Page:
Embedding patient experience in care service development

NHS Improvement publishes 'organisational diagnostic' framework to help senior nurses assess leadership, culture and operational processes

NHS Improvement publishes 'organisational diagnostic' framework to help senior nurses assess leadership, culture and operational processes

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The NHS in England has one million patient contacts every 36 hours. Ensuring that each contact is good is a huge, perhaps impossible, challenge.

But, with good patient experience increasingly seen as an essential part of healthcare, alongside clinical effectiveness and safety, improving it should be seen as a priority, says NHS Improvement.

To help, NHS Improvement has produced a patient experience improvement framework to allow senior leaders to carry out an ‘organisational diagnostic’ to see how well patient experience is embedded in the leadership, culture and operational processes of their organisations.

1 million

Number of patient contacts every 36 hours

(Source: NHS Choices 2016)

NHS Improvement concedes that improving patient experience is not simple. As well as effective leadership and a receptive culture, trusts need a comprehensive approach to collecting, analysing, using and learning from patient feedback.

 A practical guide

NHS Improvement director of nursing Ruth May says she hopes the framework can become a practical guide for board members and senior managers.

It includes 23 characteristics against which leaders can scrutinise their organisation. Alongside each characteristic, there are also suggestions for how improvement can be achieved.

Dr May says it should be an important tool for assessing where a trust is in terms of monitoring and improving patient experience.

‘This is a key part of the journey for trusts in progressing to good and outstanding from a Care Quality Commission perspective, and we hope it will support healthcare providers.’

Ruth May

The characteristics include steps that should be taken in the boardroom, such as having a patient experience strategy and ensuring the organisation takes part in the relevant mandated surveys.

But they also include ones emphasising the importance of front-line staff. Lesley Doherty, who has worked as a director of nursing and hospital chief executive in the NHS, says she believes that these ones are crucial.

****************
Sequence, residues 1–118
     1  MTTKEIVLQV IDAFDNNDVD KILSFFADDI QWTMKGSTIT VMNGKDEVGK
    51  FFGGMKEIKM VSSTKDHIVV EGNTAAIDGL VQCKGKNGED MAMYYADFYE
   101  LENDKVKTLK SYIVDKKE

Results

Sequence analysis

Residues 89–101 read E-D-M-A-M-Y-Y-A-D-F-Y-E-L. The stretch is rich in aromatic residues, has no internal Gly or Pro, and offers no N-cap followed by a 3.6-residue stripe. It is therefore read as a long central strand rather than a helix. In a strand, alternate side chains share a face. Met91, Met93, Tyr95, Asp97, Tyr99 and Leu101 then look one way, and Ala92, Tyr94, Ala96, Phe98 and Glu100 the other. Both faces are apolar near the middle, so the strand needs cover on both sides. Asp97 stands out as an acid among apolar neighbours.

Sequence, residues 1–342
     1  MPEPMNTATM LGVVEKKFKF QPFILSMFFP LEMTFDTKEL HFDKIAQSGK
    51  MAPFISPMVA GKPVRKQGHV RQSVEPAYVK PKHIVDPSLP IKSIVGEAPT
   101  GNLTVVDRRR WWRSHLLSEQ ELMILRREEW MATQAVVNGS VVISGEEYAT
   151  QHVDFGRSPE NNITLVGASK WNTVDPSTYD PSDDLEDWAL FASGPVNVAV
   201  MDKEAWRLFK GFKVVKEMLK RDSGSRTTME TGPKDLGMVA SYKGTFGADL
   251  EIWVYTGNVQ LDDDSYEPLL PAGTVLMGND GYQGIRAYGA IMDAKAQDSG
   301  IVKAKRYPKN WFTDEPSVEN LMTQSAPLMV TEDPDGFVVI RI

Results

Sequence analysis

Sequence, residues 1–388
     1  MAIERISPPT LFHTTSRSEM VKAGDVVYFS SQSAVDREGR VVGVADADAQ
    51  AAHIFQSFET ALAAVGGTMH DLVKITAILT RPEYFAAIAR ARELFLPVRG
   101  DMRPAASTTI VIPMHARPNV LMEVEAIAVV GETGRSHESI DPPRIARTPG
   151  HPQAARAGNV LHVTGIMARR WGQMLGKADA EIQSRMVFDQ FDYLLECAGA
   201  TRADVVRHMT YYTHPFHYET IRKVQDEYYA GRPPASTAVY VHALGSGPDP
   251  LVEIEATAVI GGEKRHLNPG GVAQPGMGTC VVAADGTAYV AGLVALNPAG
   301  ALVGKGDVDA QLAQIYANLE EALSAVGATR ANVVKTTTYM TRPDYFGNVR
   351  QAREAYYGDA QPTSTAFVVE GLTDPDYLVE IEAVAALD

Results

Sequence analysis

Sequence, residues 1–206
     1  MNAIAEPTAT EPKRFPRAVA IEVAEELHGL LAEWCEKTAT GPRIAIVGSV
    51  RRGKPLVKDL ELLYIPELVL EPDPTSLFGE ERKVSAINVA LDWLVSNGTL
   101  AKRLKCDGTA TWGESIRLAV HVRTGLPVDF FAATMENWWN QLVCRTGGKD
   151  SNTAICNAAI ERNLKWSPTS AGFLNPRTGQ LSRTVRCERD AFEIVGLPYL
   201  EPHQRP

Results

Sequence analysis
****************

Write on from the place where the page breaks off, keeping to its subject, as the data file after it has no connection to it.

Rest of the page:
‘My general view on patient experience is that it’s down to the staff they come across. If staff attitude is poor then this is more often than not the catalyst for poor patient experience becoming a complaint.’

RCN nurses in management and leadership forum chair Sally Bassett is not surprised by this: ‘It’s probably a reflection of the impact that front-line nurses make; as nurses, our attitude towards a patient and their family is so powerful. The kindness, the touch and sincerity in our communication; it’s what lies at the heart of what it means to be a nurse.’

Are patients happy with the NHS?

The 2017 British Social Attitudes survey shows satisfaction with the NHS is falling.

Some 57% of respondents said they were satisfied, a six percentage point drop in one year.

The four main reasons cited for not being satisfied were: staff shortages, long waiting times, lack of funding and government reforms.

But positives can be found elsewhere. The 2017 Care Quality Commission inpatient satisfaction survey showed that 84% of respondents rated their overall experience as seven or more out of ten and 82% felt they were always treated with dignity and respect.

Meanwhile, the most recent friends-and-family test data has shown a more than 90% approval rating for inpatients, maternity, outpatients and community services. Mental healthcare scored just below 90%.

But she is concerned that improving patient experience will be a challenge as trusts are struggling with financial and recruitment pressures.

The 23 characteristics

  1. There is a patient experience strategy.